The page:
Living bequests – a gift from the heart

“A heartfelt gift” is the way living bequestor and UWA graduate, Dr John Harriott, describes his donation to establish a chair in mood disorders and a scholarship in psychiatry.

John Harriott

A bequest is a freely given gift that comes out of gratitude, without a sense of obligation. And it helps to make the world a more caring and joyful place.

John Harriott

The retired anaesthetist decided to fund the chair after his own experience of depression, one of the biggest causes of debilitation in Australia.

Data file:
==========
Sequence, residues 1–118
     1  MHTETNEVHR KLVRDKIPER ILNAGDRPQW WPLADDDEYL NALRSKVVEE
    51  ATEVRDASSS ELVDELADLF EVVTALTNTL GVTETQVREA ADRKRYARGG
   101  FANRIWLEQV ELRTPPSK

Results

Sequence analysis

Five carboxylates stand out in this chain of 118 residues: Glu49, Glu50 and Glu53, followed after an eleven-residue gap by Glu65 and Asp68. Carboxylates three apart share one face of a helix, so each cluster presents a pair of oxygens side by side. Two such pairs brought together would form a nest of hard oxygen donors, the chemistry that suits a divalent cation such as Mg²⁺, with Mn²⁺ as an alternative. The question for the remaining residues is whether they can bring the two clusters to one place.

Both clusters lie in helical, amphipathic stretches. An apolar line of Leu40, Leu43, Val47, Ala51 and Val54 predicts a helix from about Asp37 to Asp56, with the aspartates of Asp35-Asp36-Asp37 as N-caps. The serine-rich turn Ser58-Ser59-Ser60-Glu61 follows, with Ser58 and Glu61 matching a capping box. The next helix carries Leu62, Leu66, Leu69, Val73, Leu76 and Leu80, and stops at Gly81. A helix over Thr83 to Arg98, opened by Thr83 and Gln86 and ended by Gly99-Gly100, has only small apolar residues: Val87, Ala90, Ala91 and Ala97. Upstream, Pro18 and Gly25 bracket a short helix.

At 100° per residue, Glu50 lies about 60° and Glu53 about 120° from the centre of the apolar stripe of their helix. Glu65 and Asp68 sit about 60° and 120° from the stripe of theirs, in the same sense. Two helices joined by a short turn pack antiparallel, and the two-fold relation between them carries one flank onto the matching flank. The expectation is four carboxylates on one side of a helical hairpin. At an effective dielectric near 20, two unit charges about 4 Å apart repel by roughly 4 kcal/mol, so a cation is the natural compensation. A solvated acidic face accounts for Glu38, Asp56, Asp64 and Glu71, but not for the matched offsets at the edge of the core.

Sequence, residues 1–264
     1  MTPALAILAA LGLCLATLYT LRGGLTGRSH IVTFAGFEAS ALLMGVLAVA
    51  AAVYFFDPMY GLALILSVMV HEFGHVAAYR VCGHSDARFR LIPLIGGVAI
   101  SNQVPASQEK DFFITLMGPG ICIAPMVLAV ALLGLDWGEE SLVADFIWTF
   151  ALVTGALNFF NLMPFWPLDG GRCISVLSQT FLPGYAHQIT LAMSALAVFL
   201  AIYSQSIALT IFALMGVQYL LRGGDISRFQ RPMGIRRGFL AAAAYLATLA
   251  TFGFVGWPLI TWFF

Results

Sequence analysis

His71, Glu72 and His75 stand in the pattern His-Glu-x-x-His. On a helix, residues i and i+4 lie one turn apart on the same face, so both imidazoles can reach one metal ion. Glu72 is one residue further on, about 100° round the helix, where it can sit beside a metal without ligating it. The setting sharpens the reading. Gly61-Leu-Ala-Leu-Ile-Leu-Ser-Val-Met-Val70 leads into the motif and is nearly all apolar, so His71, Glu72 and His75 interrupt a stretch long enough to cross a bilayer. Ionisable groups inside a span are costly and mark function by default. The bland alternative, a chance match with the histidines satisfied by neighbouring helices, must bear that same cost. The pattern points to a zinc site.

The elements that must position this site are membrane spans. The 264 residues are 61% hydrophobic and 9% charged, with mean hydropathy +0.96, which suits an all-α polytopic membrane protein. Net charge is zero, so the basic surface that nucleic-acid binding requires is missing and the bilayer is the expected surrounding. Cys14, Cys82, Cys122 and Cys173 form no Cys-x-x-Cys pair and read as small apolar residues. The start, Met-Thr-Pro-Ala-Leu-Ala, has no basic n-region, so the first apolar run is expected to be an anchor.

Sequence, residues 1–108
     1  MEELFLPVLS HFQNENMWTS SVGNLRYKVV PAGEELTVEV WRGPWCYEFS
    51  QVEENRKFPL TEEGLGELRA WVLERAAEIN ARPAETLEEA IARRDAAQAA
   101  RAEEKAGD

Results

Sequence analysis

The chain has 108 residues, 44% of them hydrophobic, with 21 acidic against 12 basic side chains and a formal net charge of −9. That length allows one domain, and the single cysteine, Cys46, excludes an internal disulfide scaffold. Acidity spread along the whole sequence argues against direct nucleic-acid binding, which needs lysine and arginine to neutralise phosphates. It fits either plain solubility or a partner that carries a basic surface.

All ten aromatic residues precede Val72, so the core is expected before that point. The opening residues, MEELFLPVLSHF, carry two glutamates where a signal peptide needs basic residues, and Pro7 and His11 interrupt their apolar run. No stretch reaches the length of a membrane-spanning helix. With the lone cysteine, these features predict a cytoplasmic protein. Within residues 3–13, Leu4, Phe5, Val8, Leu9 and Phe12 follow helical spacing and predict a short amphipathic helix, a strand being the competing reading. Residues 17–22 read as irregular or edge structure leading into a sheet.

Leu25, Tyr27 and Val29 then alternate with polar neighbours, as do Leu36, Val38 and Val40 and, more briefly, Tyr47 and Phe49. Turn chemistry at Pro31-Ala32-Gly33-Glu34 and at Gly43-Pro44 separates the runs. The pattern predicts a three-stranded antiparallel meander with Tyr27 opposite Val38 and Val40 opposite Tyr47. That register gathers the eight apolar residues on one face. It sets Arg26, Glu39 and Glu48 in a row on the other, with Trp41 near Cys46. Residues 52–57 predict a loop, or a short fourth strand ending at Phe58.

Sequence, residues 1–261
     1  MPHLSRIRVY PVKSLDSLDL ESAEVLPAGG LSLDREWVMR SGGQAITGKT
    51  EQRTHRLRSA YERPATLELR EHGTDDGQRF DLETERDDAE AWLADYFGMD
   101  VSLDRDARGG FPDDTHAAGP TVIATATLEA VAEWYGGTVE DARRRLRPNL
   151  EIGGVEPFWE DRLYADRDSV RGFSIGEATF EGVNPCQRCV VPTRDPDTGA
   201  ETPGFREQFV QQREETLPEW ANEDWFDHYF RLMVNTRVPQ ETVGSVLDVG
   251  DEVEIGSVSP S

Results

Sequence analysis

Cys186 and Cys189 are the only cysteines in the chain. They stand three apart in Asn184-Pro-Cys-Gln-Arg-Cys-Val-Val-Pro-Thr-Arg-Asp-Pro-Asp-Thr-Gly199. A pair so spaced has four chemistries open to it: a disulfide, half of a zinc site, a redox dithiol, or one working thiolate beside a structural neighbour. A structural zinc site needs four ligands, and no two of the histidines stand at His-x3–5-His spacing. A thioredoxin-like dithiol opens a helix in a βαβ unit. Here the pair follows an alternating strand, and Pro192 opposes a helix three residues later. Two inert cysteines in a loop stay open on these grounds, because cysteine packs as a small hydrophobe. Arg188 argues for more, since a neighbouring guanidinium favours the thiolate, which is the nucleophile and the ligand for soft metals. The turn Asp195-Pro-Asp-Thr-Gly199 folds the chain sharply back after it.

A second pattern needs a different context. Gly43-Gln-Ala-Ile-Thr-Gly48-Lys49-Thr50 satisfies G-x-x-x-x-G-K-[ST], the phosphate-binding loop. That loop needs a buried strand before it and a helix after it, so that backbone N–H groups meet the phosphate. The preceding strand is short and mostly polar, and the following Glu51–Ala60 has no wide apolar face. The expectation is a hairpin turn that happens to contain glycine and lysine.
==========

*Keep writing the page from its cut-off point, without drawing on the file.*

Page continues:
“Depression is a large burden on our society, and it can affect anyone. I have been there and it is a long road back,” says John.

Binu Jayawardena, a John Harriott Scholarship recipient, undertook a placement with the forensic psychiatry team at Welikada, Sri Lanka’s largest prison. He was awarded the Alan Charters Prize in 2015 for his report, “Incapacitated and incriminated: journey into the not-so-criminal mind.”

Although his bequest is a major donation, John insists that a bequest does not need to be millions of dollars.

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